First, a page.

On August 9, the White House announced that President Biden signed an Executive Order on Addressing United States Investments In Certain National Security Technologies and Products In Countries of Concern (E.O.). The President explained his view that some countries create national security risks by using particular technologies to advance their “military and defense industrial sectors” rather than civilian and commercial sectors. Biden stated that although open global capital flows substantially benefit the U.S., the E.O. stated that certain investments may “accelerate and increase the success of the development of sensitive technologies and products in countries that develop them to counter United States and allied capabilities.” The E.O. directs the Secretary of the Treasury to issue regulations that (i) prohibit U.S. persons from participating in specific transactions associated with particular technologies and products that present a significant and urgent risk to national security; and (ii) mandate U.S. persons to notify the Treasury about different transactions related to specific technologies and products that may contribute to the national security threat. The annex to the E.O. identifies China, including Hong Kong and Macau, as the sole nation warranting concern. The E.O. also requires the Secretary to communicate with Congress and the public regarding the E.O., consult with other agency leaders, assess whether to amend the regulations within one year, and provide reports to the President and Congress.
The Treasury simultaneously issued an Advance Notice of Proposed Rulemaking, requesting public comment on the implementation of the E.O., along with proposed definitions of key terms, before the program goes into effect. Written comments may be submitted within 45 days here.
On July 26, the Senate Banking Committee held a hearing regarding “fees and tactics impacting Americans’ wallets” in relation to financial services and the role of the CFPB in addressing harmful fees. Leading the hearing, Senator Raphael Warnock (D-GA), chairman of the committee, explained that some “excessively high” and unclear fees do not serve an economic value, referring to these as “junk fees.” Senator Warnock shared that 1/3 of households that do not use banks cite high fees as their reason for continuing without a bank account. Senator Thom Tillis (R-N.C.) criticized the CFPB’s attempts at avoiding the oversight of the Administrative Procedures Act in the rule-making process by mislabeling its actions. Tillis added that after the 2008 financial crisis, regulators emphasized the importance of overdraft revenue as, “an appropriate tool for ensuring the stability of the bank’s balance sheets.” He then criticized the shift in guidance, as the CFPB looks to reprimand banks who follow “the established prudential standards for the crime of listening to their previous federal regulators.” He also claimed that the Bureau does not have proper jurisdiction, resources, or staff to make such decisions.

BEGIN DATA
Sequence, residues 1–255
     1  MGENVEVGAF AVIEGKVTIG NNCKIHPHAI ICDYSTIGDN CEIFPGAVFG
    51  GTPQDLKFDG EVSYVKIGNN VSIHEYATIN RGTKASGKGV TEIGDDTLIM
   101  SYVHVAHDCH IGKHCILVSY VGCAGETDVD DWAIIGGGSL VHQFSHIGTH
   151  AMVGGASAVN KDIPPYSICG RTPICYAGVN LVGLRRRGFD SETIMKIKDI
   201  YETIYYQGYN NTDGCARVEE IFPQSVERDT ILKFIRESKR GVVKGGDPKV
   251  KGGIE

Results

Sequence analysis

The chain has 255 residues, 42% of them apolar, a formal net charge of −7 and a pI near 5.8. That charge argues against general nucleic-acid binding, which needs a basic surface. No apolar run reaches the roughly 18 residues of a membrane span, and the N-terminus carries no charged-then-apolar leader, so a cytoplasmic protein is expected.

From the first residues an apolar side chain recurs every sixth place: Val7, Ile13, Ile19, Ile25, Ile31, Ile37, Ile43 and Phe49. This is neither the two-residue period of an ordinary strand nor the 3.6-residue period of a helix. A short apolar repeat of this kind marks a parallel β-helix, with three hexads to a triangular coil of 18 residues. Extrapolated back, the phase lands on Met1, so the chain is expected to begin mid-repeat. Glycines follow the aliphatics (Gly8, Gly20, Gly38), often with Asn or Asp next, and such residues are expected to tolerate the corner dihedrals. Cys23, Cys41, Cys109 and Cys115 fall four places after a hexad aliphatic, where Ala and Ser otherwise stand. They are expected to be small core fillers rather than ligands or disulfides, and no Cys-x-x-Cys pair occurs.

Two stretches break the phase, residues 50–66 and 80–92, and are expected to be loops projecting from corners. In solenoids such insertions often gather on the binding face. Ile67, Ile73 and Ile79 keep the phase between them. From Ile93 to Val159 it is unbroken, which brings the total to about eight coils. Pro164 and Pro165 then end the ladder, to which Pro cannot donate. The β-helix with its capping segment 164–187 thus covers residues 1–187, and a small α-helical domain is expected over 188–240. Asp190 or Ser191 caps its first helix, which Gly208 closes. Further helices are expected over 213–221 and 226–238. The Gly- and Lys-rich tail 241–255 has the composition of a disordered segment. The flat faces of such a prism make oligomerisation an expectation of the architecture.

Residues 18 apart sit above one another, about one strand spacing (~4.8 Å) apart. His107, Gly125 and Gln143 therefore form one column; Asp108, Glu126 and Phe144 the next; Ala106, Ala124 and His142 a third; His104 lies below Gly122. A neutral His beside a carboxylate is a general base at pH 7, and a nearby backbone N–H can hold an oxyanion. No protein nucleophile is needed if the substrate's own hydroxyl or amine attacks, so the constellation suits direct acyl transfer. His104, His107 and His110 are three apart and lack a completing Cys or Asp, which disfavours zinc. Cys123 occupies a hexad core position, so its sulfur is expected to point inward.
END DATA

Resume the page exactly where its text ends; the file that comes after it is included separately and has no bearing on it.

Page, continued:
Pennsylvania Attorney General Michelle Henry testified about recent enforcement actions she has taken, including a recently filed suit against a Wall Street private equity-owned installment lender, who allegedly charged consumers “junk fees” for low-value or valueless add-on products. Henry also mentioned entering into a settlement relating to a bank charging “junk fees” in connection with auto finance products. Brian Johnson, a financial regulatory compliance specialist and former deputy director of the CFPB, claimed that the agencies and the White House have failed to provide a consistent definition for the “junk fees” that could subject institutions to scrutiny, and criticized the CFPB, saying that it does not follow its own regulations and laws governing how agencies make rules by publishing interpretive rules as policy statements in bulletins. A final topic raised by Senator Tina Smith (D-MN) regarded land contracts and lease-to-purchase or rent-to-own agreements that she claimed can be exploitative towards underserved communities. Smith noted that such contacts are “designed to fail,” noting that more than 80 percent of the time, people lose all their equity because they do not make it to the last payment of the contract.